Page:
Favorite thing: The geology of Glacier NP is quite comprehensive. The area started out as slowly deposited sediment on the floor of a shallow inland sea. This process is why you can find Limestone, Mudstone, and Sandstone throughout the park. Many of the Chalets and later buildings use these uniquely colored rocks for random masonry walls and even foundations.
A tectonic plate boundary eventually thrust the area upward and created the ancestral Rockies. From seafloor to Mountain range the area still did not look like it does today. For that, the process of glaciation had to take place. During the last ice age--ending approximately 10,000 years ago--the entire region would have been covered with a massive sheet of ice. These glaciers carved out the horns, arête’s and cirques that you can now see in the park. In 1850 there were 150 remaining glaciers. Now there are 27 and it is estimated that they will all be gong by 2050.
Updated May 2, 2009
Favorite thing: Want to leave your own personal mark on the park? Don't waste your time scratching your name into a tree or in a bathroom stall. How about building a rock cairn? They probably won't last too long after you leave but isn't that the point?
When you go hiking you will probably see some of these cairns that nameless visitors have constructed. Collect a bunch of flat-ish rocks and stack them up to guide the path. It's pretty harmless and a good way to get more familiar with the unique geology of the park.
I decided to build mine on the top of the sign signaling the way for Apikuni falls. When you visit if you take that trail you may find a stack of rocks lying on the ground beneath the sign. That was me.
Written Oct 19, 2008
Favorite thing: Glacier National Park, like nearly every National Park does charge an entrance fee. Typically a $25 pass that is good for 7 day is what you will need. If you decide to purchase the yearly pass it is more and to get access to all National Parks for a full year it is $80.
If you decide to camp you should expect about 10-20 per night depending on the campground.
Fishing does not require a license but there are regulations that need to be followed. For those regulations stop by a visitors center or check out this link.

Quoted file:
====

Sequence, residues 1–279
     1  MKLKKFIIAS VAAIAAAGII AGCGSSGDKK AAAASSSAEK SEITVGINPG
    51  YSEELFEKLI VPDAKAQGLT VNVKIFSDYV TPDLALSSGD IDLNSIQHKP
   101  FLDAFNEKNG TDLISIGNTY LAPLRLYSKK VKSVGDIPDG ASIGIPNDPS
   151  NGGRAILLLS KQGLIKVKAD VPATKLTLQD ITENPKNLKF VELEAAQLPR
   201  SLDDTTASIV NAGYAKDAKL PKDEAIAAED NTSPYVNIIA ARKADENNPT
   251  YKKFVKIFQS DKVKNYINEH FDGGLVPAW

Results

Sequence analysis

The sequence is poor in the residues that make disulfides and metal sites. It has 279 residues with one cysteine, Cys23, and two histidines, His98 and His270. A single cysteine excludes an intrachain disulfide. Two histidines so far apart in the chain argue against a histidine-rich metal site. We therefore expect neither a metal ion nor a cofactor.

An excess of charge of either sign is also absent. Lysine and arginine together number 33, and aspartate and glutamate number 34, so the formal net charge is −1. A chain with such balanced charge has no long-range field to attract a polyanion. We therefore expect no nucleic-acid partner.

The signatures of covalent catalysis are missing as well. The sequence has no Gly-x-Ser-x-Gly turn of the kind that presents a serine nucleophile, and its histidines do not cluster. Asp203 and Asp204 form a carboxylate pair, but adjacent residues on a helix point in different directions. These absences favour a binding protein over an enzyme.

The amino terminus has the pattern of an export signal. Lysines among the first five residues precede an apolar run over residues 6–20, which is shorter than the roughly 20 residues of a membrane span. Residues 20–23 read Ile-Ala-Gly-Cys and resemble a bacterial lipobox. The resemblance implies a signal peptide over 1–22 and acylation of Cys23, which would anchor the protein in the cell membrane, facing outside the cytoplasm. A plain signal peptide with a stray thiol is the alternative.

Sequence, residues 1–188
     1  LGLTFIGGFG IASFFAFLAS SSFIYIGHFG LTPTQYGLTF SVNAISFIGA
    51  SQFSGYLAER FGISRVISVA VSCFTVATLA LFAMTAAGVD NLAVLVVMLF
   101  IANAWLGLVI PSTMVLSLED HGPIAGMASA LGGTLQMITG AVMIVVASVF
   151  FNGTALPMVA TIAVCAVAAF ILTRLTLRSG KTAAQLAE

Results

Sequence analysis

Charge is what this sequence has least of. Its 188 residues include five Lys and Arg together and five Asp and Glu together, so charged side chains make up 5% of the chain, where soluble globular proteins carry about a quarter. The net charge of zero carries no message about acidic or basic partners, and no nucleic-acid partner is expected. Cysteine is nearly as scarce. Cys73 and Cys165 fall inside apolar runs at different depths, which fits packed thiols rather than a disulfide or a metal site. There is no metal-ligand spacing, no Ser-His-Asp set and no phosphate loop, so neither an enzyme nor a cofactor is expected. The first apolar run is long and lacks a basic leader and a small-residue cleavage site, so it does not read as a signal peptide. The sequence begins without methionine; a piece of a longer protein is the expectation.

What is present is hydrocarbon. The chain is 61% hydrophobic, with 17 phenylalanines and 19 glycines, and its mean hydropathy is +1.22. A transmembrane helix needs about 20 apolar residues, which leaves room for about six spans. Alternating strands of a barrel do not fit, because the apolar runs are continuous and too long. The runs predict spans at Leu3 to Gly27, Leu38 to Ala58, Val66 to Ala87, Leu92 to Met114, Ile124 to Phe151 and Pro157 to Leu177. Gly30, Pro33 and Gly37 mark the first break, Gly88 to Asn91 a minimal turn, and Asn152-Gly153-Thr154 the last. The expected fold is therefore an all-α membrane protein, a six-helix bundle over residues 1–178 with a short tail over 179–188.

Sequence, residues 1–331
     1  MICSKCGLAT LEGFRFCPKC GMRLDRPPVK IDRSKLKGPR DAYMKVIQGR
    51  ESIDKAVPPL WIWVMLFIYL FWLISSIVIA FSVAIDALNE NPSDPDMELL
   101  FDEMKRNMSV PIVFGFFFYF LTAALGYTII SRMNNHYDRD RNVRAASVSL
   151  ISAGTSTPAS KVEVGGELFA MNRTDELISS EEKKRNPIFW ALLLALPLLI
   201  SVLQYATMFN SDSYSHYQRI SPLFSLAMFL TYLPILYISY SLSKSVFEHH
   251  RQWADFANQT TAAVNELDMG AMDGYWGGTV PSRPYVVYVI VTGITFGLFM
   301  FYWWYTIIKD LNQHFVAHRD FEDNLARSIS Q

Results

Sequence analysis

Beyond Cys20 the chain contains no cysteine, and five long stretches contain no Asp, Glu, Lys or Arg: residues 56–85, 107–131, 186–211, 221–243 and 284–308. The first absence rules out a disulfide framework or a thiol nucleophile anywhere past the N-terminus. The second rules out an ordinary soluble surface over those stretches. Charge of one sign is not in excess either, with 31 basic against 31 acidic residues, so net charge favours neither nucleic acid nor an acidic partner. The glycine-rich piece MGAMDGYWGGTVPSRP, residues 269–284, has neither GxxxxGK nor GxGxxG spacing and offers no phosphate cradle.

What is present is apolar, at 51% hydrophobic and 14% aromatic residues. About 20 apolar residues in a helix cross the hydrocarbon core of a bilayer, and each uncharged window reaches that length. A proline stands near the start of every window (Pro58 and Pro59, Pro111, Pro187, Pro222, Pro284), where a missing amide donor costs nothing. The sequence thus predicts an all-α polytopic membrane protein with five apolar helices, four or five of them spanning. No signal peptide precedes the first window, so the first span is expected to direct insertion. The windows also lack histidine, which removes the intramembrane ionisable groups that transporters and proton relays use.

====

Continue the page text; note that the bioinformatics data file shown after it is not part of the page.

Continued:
Updated Oct 18, 2008
Favorite thing: Since our first night's accommodations was located just outside the southeast corner of Glacier NP, we had to make a drive south along Highway 89 as far as the tiny village of Kiowa. The scenery along that stretch of road was quite interesting, consisting of rolling hills and valleys of the Prairies. Once we reached Kiowa, we turned off onto the Highway 49 shortcut to East Glacier Park, so we would not have to take the long way around through Browning. This little road, which is closed in winter, was really spectacular as it wound up steep hills and around turns without many guardrails (this photo showing the road running along the side of the hill was taken as we started up it and does not do it justice).
Fondest memory: In the course of this drive between St. Mary and East Glacier Park, I later found out that we had actually passed over another continental divide - the Northern Divide (I thought that seemed like a long hill!). This high ground watershed separates the waters that flow north into the Atlantic Ocean via Hudson Bay from those that flow southeast into the Atlantic Ocean via the Gulf of Mexico. Not many miles west of Kiowa, this ridge runs into the the main East-West Continental divide running down the Rocky Mountains. There, a 2440-m (8000-ft) mountain called Triple Divide is a place where a rain drop might end up heading for either the Pacific Ocean or the Atlantic Ocean (by either the northern or southeastern routes) depending on just what part of the mountain it hit!
Updated Nov 2, 2007
Favorite thing: Waterton National Park is a spectuacular part of the Glacier experience. It's immediatly adjacent to Glacier's northern boundary and continues the high peaks and rugged terrain. Waterton Lake is north and south, cutting deeply into the ragged peaks of the Rockies.
Written Apr 13, 2007
6 Reviews and 418 Opinions The largest of the Glacier National Park hotels. Situated near Grinnell Glacier and some incredible...